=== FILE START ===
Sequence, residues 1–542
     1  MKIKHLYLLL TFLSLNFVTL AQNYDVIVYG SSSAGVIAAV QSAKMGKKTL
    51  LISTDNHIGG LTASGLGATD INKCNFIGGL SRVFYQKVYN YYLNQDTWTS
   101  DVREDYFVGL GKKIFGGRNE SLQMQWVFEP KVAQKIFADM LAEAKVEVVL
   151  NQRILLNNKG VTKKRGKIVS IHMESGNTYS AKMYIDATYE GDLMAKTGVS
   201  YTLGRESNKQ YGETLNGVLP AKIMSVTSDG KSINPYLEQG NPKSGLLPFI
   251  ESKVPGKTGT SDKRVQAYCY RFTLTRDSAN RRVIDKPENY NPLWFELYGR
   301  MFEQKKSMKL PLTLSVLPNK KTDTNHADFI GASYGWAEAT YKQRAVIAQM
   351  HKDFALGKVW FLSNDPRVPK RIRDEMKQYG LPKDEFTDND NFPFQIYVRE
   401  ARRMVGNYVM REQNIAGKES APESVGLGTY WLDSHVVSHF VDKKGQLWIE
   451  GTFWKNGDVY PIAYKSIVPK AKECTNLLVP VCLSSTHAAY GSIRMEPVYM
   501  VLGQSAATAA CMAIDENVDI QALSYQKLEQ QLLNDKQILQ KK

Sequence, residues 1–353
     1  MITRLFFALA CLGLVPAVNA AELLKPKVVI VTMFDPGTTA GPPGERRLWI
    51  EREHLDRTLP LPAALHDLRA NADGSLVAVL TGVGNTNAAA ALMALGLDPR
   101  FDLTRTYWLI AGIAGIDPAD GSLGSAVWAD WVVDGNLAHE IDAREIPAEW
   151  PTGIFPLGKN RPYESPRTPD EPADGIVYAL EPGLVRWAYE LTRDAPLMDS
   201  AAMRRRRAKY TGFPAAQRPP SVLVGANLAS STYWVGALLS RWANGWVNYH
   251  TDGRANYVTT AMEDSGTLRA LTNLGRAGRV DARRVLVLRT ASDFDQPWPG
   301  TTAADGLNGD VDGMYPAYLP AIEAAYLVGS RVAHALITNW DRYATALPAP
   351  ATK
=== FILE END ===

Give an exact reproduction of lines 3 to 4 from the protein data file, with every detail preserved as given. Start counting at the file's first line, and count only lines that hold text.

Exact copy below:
    51  LISTDNHIGG LTASGLGATD INKCNFIGGL SRVFYQKVYN YYLNQDTWTS
   101  DVREDYFVGL GKKIFGGRNE SLQMQWVFEP KVAQKIFADM LAEAKVEVVL